Drug peddlers are selling narcotics to teens across city colleges. Though this newspaper ran a front-page report on the issue, along with relevant proof, the police dismissed it as a one-off incident and refused to acknowledge what is clearly a professional network.
Over the past week, reporters of this paper conducted a sting operation in the Western suburb belt near three colleges - SNDT, NMIMS and Mithibai -and exposed how charas and ganja are made accessible to college students. Drugs are being sold outside campuses, often during college hours.
Conducting their nefarious business sitting under the cool shade of trees - often in the guise of running legitimate shops - drug peddlers have assembled a sizeable clientele of college students. While cops have swung into action now, it's disappointing that these dealers were allowed to set up shops near education institutes, in the first place.
While the police focus on immediate crackdown, colleges should up the ante when it comes to awareness about doping. We want to see more awareness programmes on the subject inside college campuses. Students must be educated and informed that doping is not "cool" at all should be avoided at all cost. Youngsters should be made aware that substance abuse can harm them as well as their families in the long run.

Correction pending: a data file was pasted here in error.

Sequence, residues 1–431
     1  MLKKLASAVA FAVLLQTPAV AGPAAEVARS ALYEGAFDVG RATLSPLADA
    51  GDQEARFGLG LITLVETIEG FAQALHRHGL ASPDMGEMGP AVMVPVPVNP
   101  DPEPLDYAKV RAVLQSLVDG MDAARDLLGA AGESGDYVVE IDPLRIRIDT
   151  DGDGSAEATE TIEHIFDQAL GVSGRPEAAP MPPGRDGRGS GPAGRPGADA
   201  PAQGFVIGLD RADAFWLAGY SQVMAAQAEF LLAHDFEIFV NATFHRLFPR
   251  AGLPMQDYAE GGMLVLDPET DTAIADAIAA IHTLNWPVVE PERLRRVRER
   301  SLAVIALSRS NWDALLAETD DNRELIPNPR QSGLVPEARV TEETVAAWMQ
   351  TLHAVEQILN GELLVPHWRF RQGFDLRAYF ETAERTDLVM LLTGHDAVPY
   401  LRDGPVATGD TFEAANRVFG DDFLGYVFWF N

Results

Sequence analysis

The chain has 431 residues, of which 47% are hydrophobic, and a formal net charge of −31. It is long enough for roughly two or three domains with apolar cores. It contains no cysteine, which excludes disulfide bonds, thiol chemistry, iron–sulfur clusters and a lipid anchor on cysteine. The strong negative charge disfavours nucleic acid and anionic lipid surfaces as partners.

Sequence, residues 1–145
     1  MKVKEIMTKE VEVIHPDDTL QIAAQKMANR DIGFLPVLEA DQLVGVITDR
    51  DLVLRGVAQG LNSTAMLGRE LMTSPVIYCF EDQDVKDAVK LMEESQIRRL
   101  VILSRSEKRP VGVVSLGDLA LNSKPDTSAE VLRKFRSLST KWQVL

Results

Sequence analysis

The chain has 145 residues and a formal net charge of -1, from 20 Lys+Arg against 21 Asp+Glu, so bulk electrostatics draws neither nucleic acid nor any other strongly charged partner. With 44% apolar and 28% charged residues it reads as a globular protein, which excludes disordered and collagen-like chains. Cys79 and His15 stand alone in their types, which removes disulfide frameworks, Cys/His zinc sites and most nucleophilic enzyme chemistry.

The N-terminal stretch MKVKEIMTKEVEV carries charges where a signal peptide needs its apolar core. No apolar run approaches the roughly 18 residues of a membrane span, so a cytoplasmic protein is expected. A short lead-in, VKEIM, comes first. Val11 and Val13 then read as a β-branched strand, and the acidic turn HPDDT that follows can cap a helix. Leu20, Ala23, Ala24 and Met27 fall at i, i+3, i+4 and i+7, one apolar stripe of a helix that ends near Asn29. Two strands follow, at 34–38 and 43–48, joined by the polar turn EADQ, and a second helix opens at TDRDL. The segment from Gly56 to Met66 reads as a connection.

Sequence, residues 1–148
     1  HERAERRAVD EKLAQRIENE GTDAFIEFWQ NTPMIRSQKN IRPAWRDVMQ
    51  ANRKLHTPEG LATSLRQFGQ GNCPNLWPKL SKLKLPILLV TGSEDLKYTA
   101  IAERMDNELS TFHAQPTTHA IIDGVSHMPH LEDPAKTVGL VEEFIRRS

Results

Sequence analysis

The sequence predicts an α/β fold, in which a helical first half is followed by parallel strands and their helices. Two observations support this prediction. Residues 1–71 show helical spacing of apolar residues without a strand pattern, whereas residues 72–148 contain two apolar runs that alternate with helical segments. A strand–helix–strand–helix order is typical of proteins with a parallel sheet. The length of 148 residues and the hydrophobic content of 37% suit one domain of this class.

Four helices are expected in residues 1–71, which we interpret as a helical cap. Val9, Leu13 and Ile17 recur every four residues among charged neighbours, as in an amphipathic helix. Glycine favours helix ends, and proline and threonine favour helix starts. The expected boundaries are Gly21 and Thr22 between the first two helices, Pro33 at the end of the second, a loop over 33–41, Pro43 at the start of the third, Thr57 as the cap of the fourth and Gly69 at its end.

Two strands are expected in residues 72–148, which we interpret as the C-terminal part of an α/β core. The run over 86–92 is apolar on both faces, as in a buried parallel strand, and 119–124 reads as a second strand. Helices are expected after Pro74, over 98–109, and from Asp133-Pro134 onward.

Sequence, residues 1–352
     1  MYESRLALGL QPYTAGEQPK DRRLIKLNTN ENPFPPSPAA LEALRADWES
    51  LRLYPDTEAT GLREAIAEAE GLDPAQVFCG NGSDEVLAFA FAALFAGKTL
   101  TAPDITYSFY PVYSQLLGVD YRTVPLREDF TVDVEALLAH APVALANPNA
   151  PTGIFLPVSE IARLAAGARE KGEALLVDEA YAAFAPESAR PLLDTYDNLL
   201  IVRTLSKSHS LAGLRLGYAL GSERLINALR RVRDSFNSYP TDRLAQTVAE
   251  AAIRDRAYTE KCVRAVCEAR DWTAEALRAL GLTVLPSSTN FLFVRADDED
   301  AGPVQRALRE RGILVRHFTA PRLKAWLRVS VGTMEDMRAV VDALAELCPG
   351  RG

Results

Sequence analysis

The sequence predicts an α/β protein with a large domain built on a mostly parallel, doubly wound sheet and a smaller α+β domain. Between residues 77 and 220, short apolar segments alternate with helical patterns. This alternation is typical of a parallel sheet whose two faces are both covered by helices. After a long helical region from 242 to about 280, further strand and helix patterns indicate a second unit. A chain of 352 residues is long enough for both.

There's an urgent need to reach out to college goers, with the help of counsellors and professionals, to curb the menace of drug abuse among youths. Cops should launch surprise checks across college campuses, in civilian attire, to nab the peddlers. At home, parents need not be alarmist, but clued in and ready to intervene to help out the young ones. Combating drug use requires a multi-pronged effort and has to be fought on different fronts.
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